LOS ANGELES -- It may only be nine games into the season, but everything sure is clicking for the Dodgers.
In Saturday's contest against the Padres, the team did it on both sides of the ball. Matt Kemp hit a pair of two-run home runs and seven dominant innings from Ted Lilly helped the Dodgers to a 6-1 win over the Padres at Dodger Stadium in front of 46,549.
Kemp started it off in the first, smacking a two-run home run on a 0-2 fastball to straightaway center field. Andre Ethier then followed suit, belting a solo shot off Padres right-hander Joe Wieland, marking the first time this season the Dodgers have hit back-to-back home runs.
The Dodgers didn't stop there against Wieland, who made his Major League debut. James Loney then roped a double down the left-field line, Jerry Hairston singled him to third, and Adam Kennedy added a sacrifice fly to give Los Angeles an early 4-1 lead.
"So far, so good," Kemp said. "As a team we have played great. The main thing is starting out fast. It doesn't matter who we play or where we go, we just take care of business for ourselves and get as many wins as we can."
The Dodgers are off to an 8-1 start for the first time since 1981. That 1981 team went on to win the franchise's fifth World Championship and began the season 9-1.
Kemp hit another two-run shot in the second inning, this time to right field. It marked just the fourth multi-homer game in the slugging center fielder's career and ignited the crowd into "MVP" chants.
He now ranks among the Major League leaders in batting average (.457), home runs (5) and RBIs (15). Ethier has 14 RBIs this season and has driven in runs in seven of the Dodgers' nine games.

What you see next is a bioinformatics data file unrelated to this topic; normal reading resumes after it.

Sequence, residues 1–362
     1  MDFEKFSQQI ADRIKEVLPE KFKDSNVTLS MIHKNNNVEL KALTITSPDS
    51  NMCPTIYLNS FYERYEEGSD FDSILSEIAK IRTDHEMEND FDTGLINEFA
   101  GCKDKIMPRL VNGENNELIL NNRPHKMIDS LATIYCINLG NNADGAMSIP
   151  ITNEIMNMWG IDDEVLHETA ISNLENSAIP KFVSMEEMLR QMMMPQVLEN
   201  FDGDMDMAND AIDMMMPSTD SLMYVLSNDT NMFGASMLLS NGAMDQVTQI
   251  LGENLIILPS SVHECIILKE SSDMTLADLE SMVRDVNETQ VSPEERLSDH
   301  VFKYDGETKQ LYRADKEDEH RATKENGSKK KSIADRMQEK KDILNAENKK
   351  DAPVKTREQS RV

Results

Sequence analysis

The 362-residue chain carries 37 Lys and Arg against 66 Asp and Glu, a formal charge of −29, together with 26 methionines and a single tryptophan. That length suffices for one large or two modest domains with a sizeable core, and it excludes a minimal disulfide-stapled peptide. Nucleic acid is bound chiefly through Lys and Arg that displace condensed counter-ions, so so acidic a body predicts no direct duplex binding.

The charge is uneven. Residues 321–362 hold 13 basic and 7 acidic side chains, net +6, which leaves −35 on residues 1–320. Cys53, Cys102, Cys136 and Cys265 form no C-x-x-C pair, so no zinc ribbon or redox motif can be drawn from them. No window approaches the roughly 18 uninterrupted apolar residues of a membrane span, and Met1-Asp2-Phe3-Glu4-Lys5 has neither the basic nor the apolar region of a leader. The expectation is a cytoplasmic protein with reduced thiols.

"Nothing really surprises me about him anymore. He put two good swings on those pitches," Dodgers manager Don Mattingly said of Kemp. "He gets us on the board and then Andre is right behind him. It was a good night. We were able to get some guys in the lineup, score some runs.
"We need that one-two punch and if those guys can do that all year long, it makes us a better club and then we just have to contribute around them."
Saturday marked Kemp's sixth multi-hit game and his third three-hit contest of the season, after he got an infield single in the seventh.
"Is there a better player in the game right now?" asked Padres manager Bud Black. "Those guys, back to back, the way they're swinging ... there's arguably not a better combination in baseball swinging as well as they are."
Those six early runs helped Lilly, who was economical in his first start of the season after beginning the year on the disabled list with a strained neck.
The only run the Padres scored against Lilly came in the first. After a throwing error by Dee Gordon put leadoff hitter Cameron Maybin on second, Jesus Guzman singled him home.
Lilly then kept the Padres hitless until the seventh, when Chase Headley got an infield single to lead off the inning.
"I was getting ahead of hitters, throwing strike one," Lilly said. "I got them in swing mode, and then expanding tonight gave me a lot of success."
The left-hander finished surrendering just an unearned run on two hits for his first win of the season. Striking out four and walking one, Lilly threw only 79 pitches, 53 of which were strikes.
While Lilly felt he had something still left in the tank after seven innings, Mattingly opted for Mike MacDougal in the eighth and Jamey Wright in the ninth. Both were near spotless, allowing only one walk.
"I wanted to go out there and give us a chance like the others have," Lilly said. "I have been sitting and watching a lot of the games and it has been a collective effort. Pitching and hitting have been great for us and that is what it takes to be a winner."
Quinn Roberts is a reporter for MLB.com. This story was not subject to the approval of Major League Baseball or its clubs.